Like many other beneficial chemicals, ethylene oxide is produced through the petroleum refining process. Although medical, cosmetic and spice sterilization consume approximately 8 million pounds of EO annually in the U.S., the most common application for the chemical is in making other chemicals. The chemical industry outputs a total of 9 billion pounds of ethylene oxide for this purpose. EO is a crucial ingredient in the production of ethylene glycol, which is the main ingredient in automotive antifreeze. Other important products ethylene oxide plays a key role in manufacturing include soaps, detergents and shampoos.
Characteristics of EO
EO is a tiny molecule in which two carbon and four hydrogen atoms are joined to one oxygen atom in a highly strained ring. Because of the chemical’s very low boiling point (10.4ºC), it becomes active at room temperature. It vaporizes and permeates rapidly through packaging, dissolving in substances like plastic and rubber. EO readily kills all types of microorganisms under ordinary atmospheric conditions. Its fragile molecular bonds allow it to quickly react with a wide variety of compounds. The resulting chemical reaction is called alkylation.
Requirements for EO Sterilization
Effective sterilization requires careful attention to the six main conditions for ethylene oxide use.
- Although highly penetrative, ethylene oxide must have an unobstructed path to be able to sterilize the interior of devices. Complex instruments must be disassembled for sterilization, so the gas may penetrate the most remote recesses. Caps, plugs or stylets must be removed prior to sterilization.
- Biological matter residues on instruments can shield microorganisms from EO’s lethal effects. Thoroughly wash and dry instruments prepared for gas sterilization to meet the standard of surgical cleanliness.
- Use appropriate wrapping materials for gas sterilization: paper, cloth or EO-permeable plastic. These materials allow EO to diffuse into the package to sterilize the contents. If the instruments will be used in an operating room, they may be double-wrapped, according to the traditional method for sterilization. Paper or cloth wrapping materials are not impervious to microorganisms and therefore typically require reprocessing at predetermined intervals.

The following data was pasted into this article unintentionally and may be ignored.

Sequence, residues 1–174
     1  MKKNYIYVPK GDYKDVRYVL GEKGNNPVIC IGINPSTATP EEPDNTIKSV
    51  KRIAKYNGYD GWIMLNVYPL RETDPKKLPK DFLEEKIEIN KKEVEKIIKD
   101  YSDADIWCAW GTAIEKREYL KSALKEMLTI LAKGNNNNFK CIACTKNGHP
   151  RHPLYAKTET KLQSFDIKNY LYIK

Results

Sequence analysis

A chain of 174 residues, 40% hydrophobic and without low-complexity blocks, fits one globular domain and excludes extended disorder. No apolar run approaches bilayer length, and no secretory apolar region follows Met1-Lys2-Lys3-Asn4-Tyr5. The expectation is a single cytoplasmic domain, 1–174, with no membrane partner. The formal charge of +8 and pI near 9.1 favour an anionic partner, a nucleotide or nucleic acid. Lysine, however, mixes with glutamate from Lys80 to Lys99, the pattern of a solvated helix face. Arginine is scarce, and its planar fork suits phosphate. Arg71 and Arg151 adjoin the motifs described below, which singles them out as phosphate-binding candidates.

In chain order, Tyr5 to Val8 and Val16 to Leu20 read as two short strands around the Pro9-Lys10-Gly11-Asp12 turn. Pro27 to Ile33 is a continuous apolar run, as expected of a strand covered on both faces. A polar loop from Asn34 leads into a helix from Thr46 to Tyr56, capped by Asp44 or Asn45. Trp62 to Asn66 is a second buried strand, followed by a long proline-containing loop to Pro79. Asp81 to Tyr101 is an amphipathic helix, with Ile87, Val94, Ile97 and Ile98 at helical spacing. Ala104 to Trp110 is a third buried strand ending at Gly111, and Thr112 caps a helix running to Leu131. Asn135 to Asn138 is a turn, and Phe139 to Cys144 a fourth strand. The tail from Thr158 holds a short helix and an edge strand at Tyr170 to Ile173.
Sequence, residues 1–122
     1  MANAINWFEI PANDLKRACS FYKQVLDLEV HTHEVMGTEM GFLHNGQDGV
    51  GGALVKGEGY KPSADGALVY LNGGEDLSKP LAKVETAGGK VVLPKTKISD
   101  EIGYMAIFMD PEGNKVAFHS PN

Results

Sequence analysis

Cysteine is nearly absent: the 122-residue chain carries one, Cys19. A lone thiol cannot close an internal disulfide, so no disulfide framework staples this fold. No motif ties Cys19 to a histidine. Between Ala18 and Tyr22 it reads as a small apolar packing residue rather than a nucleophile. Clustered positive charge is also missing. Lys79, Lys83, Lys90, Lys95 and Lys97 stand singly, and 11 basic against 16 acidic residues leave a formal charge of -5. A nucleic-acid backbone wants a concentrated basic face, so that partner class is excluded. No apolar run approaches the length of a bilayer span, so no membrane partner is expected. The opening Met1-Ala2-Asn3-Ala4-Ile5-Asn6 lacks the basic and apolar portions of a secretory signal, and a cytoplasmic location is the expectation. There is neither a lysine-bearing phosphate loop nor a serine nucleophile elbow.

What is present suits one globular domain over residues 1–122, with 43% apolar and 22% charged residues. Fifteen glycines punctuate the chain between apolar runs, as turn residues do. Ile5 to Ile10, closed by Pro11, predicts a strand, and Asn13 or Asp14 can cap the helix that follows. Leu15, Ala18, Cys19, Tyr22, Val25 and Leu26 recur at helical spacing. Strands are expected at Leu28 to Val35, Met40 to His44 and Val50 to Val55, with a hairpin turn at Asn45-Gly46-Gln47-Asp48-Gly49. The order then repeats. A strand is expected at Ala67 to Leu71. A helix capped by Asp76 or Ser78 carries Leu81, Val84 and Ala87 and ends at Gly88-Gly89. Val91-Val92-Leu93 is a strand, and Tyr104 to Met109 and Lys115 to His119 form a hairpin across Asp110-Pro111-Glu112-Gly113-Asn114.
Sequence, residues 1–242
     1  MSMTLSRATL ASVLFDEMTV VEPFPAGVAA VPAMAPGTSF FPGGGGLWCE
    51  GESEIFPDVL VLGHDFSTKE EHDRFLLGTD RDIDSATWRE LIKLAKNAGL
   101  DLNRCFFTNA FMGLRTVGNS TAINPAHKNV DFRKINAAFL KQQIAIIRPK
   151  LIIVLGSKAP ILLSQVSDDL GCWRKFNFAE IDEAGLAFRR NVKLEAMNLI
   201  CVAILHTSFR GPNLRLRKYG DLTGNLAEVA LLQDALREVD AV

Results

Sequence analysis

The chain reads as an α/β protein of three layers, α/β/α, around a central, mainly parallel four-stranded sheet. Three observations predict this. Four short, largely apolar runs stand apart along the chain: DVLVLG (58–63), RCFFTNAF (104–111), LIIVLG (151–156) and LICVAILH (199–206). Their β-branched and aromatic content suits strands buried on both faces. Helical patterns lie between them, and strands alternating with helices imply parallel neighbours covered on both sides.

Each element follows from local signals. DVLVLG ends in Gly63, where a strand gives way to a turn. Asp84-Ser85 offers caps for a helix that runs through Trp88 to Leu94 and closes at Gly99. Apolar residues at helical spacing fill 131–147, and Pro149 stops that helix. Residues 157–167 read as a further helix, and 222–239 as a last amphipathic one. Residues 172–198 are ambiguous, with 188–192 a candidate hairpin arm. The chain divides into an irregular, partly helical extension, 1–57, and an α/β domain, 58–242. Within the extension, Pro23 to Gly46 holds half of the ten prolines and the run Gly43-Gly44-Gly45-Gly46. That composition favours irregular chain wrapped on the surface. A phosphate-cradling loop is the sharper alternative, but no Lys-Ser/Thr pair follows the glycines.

- A sufficient dose of ethylene oxide must be used for an adequate length of time to kill the most resistant microorganisms.
- Adequate humidity must be present to facilitate the process. Desiccated organisms may become resistant to ethylene oxide sterilization.
- The dose of ethylene oxide required depends on the temperature of the process. The higher the temperature, the lower the dose of EO that will be necessary to sterilize.
Personnel Considerations when using EO
As in all sterilization procedures, it is important that all staff involved in the operation of the sterilizer are fully instructed in the correct operating procedure before using the equipment.
Training manuals and other relevant reference materials must be readily available. AAMI (the Association for the Advancement of Medical Instrumentation) produced a document entitled “Good Hospital Practice: Ethylene Oxide Gas-Ventilation Recommendations and Safe Use” in 1992, much of which is still valid today. This document provides detailed advice on how to operate an EO sterilization system safely.
Note: The use of personnel monitors is recommended by AAMI and is now an OSHA regulatory requirement. These devices measure the average exposure to EO over a given period of time.